The fine art of living

Drawing: A national project attempts to illustrate for medical students that artistic passion need not fade with age.

March 03, 2004|By Jamie Stiehm | Jamie Stiehm,SUN STAFF

Youth and age met face to face across tables set up at the American Visionary Art Museum yesterday afternoon for a national pilot program that seeks to show medical students in their 20s that old age can be an artistic time in life.

Fourteen Baltimore seniors, all healthy and ranging in age from 68 to 86, each paired off with a first-year Johns Hopkins School of Medicine student for the first session of a National Institute on Aging project, titled the Vital Visionaries Collaboration. The idea is to give medical students greater experience and insight into old age.

Creative interaction with senior citizens can make students better caregivers in their careers as doctors, officials said. The project will be applied in other pairings of museums and medical schools in cities around the country, said Jeannine Mjoseth, public affairs specialist for the National Institute on Aging.

The goal in yesterday's introductory session was for each person to draw a self-portrait by steadily gazing in a mirror, without looking down at the paper.

The technique, known as contour drawing, was a big hit with Margaret Ann Kramer, 68, who goes by "Maggie."

At the end of the session, she displayed her drawing, which appeared to be made of musical notes and abstract curves, to her partner, 23-year-old Nicholas Donoghue.

"I think Picasso should start to worry," Kramer, a former owner of an Irish pub, said with a laugh.

Donoghue, who hails from Connecticut, said the two became fast friends over table talk before the art project began.

"I'm the luckiest guy in the room," he said, referring to working with Kramer. "Maggie described herself as a radical old liberal socialist, and I think that's super cool. That's the way I want to describe myself someday."

Similar chords were struck around the room as the pairs - old and young enough to be grandparents and grandchildren - conversed easily, as if they had known each other longer than 15 minutes. Several pairs who interviewed each other in a playful exercise - asking what they would take with them to a desert island - said they found more common ground than expected.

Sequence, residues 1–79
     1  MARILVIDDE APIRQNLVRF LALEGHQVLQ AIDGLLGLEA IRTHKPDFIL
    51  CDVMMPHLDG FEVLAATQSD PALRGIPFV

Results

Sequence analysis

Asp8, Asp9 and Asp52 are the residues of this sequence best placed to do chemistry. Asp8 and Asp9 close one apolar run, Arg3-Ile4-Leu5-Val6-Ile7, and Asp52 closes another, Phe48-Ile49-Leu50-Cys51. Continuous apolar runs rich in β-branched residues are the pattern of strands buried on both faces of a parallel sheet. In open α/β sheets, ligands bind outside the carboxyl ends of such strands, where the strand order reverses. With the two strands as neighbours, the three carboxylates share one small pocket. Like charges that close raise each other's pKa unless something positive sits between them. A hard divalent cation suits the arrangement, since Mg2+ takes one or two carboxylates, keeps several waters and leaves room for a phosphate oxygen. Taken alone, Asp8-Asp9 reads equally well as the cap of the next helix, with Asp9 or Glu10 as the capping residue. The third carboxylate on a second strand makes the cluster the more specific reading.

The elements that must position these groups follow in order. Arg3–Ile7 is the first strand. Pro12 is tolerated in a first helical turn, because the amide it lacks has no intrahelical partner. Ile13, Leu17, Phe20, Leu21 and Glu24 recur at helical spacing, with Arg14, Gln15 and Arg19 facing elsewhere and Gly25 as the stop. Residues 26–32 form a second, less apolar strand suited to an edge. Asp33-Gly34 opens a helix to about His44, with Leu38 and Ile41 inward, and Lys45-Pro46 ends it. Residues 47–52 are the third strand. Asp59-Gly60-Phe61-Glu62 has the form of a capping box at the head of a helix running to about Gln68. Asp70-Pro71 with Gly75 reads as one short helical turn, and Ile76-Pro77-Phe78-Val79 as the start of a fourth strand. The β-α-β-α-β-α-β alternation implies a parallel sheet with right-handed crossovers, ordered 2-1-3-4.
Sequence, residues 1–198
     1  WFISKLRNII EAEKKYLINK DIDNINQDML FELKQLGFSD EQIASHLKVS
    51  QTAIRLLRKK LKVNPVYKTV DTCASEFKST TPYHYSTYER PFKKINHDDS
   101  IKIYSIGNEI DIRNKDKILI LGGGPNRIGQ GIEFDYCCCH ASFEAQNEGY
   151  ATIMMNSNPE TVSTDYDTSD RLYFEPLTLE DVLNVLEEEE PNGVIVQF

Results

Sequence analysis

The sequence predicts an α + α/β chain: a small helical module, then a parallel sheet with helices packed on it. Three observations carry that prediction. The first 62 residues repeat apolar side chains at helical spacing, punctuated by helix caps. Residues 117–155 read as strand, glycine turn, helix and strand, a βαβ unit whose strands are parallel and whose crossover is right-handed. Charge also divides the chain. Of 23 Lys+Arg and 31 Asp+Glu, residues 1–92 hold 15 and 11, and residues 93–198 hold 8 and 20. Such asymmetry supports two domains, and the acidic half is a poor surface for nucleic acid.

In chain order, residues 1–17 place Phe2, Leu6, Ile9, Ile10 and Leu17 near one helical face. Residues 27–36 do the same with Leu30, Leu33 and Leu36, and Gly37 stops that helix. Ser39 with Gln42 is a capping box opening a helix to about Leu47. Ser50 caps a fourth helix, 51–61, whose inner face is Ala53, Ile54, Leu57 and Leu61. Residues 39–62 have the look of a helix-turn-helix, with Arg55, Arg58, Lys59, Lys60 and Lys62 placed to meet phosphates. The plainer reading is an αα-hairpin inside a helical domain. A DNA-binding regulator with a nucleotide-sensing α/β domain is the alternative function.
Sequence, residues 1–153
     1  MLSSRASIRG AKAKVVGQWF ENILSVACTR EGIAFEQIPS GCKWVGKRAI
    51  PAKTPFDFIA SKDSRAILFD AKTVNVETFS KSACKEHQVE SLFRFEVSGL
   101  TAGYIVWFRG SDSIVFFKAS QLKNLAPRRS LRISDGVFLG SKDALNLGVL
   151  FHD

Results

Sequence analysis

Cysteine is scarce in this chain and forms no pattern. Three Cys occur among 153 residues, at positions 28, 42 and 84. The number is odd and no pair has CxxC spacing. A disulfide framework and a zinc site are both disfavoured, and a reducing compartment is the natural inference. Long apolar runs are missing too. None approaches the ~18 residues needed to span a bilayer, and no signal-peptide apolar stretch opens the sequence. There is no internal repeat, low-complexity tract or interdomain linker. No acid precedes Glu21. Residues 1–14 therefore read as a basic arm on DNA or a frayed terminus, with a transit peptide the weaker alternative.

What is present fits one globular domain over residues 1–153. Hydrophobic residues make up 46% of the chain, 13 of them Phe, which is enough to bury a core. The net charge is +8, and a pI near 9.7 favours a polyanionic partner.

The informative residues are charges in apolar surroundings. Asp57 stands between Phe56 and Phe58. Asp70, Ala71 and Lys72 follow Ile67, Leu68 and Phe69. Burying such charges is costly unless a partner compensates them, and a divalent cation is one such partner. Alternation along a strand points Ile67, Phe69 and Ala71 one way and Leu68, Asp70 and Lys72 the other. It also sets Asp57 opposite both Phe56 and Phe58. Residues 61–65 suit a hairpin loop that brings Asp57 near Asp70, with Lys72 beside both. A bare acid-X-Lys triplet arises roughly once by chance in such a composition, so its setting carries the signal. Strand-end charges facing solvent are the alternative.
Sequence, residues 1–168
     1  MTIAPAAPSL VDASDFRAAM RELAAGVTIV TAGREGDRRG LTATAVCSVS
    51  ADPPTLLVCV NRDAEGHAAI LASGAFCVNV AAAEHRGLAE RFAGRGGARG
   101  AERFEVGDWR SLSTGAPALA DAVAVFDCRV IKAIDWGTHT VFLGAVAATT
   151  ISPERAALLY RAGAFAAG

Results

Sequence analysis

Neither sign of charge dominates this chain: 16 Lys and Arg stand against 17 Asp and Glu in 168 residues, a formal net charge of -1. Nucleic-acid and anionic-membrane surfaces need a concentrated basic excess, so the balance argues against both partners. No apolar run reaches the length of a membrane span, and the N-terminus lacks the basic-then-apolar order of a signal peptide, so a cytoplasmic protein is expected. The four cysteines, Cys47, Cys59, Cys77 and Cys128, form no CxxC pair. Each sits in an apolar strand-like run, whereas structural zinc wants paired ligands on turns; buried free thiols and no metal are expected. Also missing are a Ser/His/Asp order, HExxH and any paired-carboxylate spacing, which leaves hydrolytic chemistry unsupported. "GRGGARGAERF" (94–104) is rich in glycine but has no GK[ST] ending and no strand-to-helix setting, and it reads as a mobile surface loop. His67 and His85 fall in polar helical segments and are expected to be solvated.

Sol Goodman, 80, quipped of his 23-year-old partner, Nivee Amin, that he has "always liked older women."

Two nuns, both members of the Oblate Sisters of Providence, participated in the museum aging project. One, Sister Mary Brenda Motte, 73, looked at her self-portrait and declared, "If that was on a wanted poster, they'll never find me."

Don Lambert of Topeka, Kan., an expert on the contour drawing of the late American artist Elizabeth Layton, gave a presentation that showed Layton's art blossomed late in life. He told of his friendship with Layton, who died in 1993, and showed a picture of her on a porch swing in Wellsville, a small Kansas town.

"I'd visit her every week for 15 years, and she'd make me a peanut butter and jelly sandwich," Lambert said.

Lambert encouraged the seniors to give realistic self-portraits of themselves, leaving in the marks of age.

"I'm going to be on wrinkle patrol," he said. "If you're having a bad hair day, then draw that."

Three more sessions will follow this spring, all held at the Visionary Art museum. The aging and creativity project is matched with the museum's current exhibition, "Golden Blessings of Old Age."

The Hopkins medical students, who arrived and departed by van, said the two-hour session gave them a cross-generational connection that is lacking in their busy everyday lives.

"I've lost three of my four grandparents, which is part of the appeal" of the project, said Donovan Maust, 26.

Jessica Long, 23, said, "These are people we wouldn't meet otherwise. It was a long stressful day with a test, but this was more energizing than any nap or cup of coffee."

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